Updated: 11:40 p.m. EST
Republican challengers ousted Democratic senators in Arkansas, Colorado and North Carolina, and took seats from retiring Democrats in four other states. Equally important, Republicans held off spirited challengers in Kentucky, Georgia and Kansas, guaranteeing they will control both chambers of Congress for Obama’s final two years in office.
In every contested race, Republicans tied their opponents to the president, whose fortunes have sagged since his re-election two years ago. Democrats awkwardly tried to distance themselves from Obama without denouncing him.
Sen. Mitch McConnell of Kentucky, who won a sixth term Tuesday, was almost assured of being elected by his colleagues as majority leader, a lifelong dream. His party can send piles of legislation to Obama’s desk — for his signature or veto — on topics such as health care, environmental regulations and dozens of other issues.
McConnell immediately warned Obama of coming confrontations. “For too long, this administration has tried to tell the American people what’s good for them and then blame somebody else when their policies didn’t work out,” he told cheering fans.
The final Senate partisan breakdown won’t be known until Dec. 6, when Democratic Sen. Mary Landrieu of Louisiana will face Republican Rep. Bill Cassidy in a runoff. But the GOP‘s majority was assured, regardless who wins there.
A GOP-run Senate will be an obvious aggravation to Obama and congressional Democrats, but it’s unclear how much it will change the government. Obama can veto bills, and Senate Democrats can use the filibuster to thwart scores of GOP initiatives, just as Republicans did to Democrats for years.
Republicans claimed a huge victory in Colorado, where GOP Rep. Cory Gardner ousted first-term Democrat Mark Udall. The win was notable because Obama had carried Colorado twice, unlike the other states where Republicans made their biggest gains.
Udall portrayed Gardner as a threat to women’s reproductive rights. But Gardner responded with the tactic used by every Republican in a competitive race: relentlessly linking his opponent to the president.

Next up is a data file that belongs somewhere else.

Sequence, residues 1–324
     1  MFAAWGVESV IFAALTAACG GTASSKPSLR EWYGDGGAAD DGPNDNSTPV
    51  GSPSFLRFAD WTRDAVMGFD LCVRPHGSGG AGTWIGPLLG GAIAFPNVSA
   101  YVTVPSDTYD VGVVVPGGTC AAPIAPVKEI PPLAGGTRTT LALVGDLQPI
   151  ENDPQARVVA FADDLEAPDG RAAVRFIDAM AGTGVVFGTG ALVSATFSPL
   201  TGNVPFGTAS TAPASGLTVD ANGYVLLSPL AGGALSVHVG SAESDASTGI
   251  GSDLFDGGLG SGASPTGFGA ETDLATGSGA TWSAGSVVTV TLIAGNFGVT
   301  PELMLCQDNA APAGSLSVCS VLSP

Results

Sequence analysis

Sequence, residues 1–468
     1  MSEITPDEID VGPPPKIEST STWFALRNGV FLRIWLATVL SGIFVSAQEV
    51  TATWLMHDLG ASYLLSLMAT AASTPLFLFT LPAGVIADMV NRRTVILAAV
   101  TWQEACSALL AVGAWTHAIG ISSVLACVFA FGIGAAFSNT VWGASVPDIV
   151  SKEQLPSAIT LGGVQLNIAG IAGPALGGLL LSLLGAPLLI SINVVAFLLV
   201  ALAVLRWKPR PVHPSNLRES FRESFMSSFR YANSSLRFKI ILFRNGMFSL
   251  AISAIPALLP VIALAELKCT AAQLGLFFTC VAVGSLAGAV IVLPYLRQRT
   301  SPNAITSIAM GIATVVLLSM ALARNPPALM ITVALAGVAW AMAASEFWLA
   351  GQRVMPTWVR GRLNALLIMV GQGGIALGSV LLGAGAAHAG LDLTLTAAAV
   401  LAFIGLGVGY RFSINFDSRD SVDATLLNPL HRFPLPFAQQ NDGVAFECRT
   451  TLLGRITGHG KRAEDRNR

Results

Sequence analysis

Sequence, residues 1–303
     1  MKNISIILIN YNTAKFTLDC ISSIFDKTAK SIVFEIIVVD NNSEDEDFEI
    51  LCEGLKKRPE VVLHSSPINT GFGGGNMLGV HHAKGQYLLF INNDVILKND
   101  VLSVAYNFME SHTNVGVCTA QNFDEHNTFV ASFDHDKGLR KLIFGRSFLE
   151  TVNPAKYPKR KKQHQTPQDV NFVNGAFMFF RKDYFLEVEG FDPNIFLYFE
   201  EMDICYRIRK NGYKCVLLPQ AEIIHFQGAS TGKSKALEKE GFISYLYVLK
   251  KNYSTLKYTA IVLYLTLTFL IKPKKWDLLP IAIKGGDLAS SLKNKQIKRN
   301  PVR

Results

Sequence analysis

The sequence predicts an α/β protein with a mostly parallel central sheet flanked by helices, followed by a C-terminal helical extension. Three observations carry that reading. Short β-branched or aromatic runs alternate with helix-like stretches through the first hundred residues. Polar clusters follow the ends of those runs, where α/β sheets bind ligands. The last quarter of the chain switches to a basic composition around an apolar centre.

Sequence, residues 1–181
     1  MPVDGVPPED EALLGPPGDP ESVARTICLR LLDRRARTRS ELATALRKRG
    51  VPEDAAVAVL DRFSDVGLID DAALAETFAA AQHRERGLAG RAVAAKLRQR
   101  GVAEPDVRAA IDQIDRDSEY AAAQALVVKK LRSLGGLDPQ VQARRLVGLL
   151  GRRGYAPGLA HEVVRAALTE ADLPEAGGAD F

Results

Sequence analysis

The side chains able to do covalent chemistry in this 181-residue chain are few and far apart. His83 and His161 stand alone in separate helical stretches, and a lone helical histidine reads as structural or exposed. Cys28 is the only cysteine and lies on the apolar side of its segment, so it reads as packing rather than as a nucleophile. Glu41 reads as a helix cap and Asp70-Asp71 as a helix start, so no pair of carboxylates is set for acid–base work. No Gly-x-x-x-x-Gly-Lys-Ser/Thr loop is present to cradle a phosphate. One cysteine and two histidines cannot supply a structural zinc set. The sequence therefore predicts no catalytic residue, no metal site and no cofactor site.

In North Carolina, state House speaker Thom Tillis ousted first-term Democratic Sen. Kay Hagan. She had accused him of leading a conservative revolution that went too far in the centrist state. Obama carried North Carolina in 2008, and lost it in 2012.
In Arkansas, freshman Rep. Tom Cotton knocked off two-term Democratic Sen. Mark Pryor in a state that has veered sharply toward the GOP since native son Bill Clinton left office.
Cotton, an Iraq combat veteran and Harvard Law School graduate, linked Pryor with Obama in every campaign appearance.
Pryor, the last Democrat in Arkansas’ congressional delegation, is the son of a popular former governor and senator. But Arkansas and West Virginia have been trending sharply Republican. Obama lost Arkansas by 24 percentage points in 2012.
As expected, GOP Rep. Shelley Moore Capito of West Virginia won the seat of retiring Democratic Sen. Jay Rockefeller. Former Gov. Mike Rounds of South Dakota won retiring Democratic Sen. Tim Johnson’s seat. And GOP Rep. Steve Daines will succeed departing Sen. John Walsh in Montana.
In Georgia, where GOP Sen. Saxby Chambliss is retiring, Republican corporate executive David Perdue held off Democrat Michelle Nunn.
Kansas’ three-term Republican Sen. Pat Roberts avoided an embarrassing loss to independent candidate Greg Orman. Orman had persuaded the Democrat to leave the race and help him consolidate anti-Roberts sentiment.
In Virginia, Republican Ed Gillespie mounted an unexpectedly strong challenge to first-term Democratic Sen. Mark Warner.
Few campaigns were as feisty and close as Iowa‘s, where longtime Democratic Sen. Tom Harkin is retiring. Republican state Sen. Joni Ernst defeated Democratic U.S. Rep. Bruce Braley in a race that featured TV ads about castrating hogs, and a leaked fundraising video from Texas.
First-term Democratic Sen. Mark Begich of Alaska faced Republican Dan Sullivan in a state Obama lost badly. A late vote count was possible there.
As Republicans awaited results elsewhere, they celebrated Sen. Tim Scott of South Carolina becoming the first black elected to the Senate from a former Confederate state since Reconstruction. He was appointed to the Senate last year, and won a term of his own Tuesday.
Developing story. This report will be updated.
This material may not be published, broadcast, rewritten, or redistributed.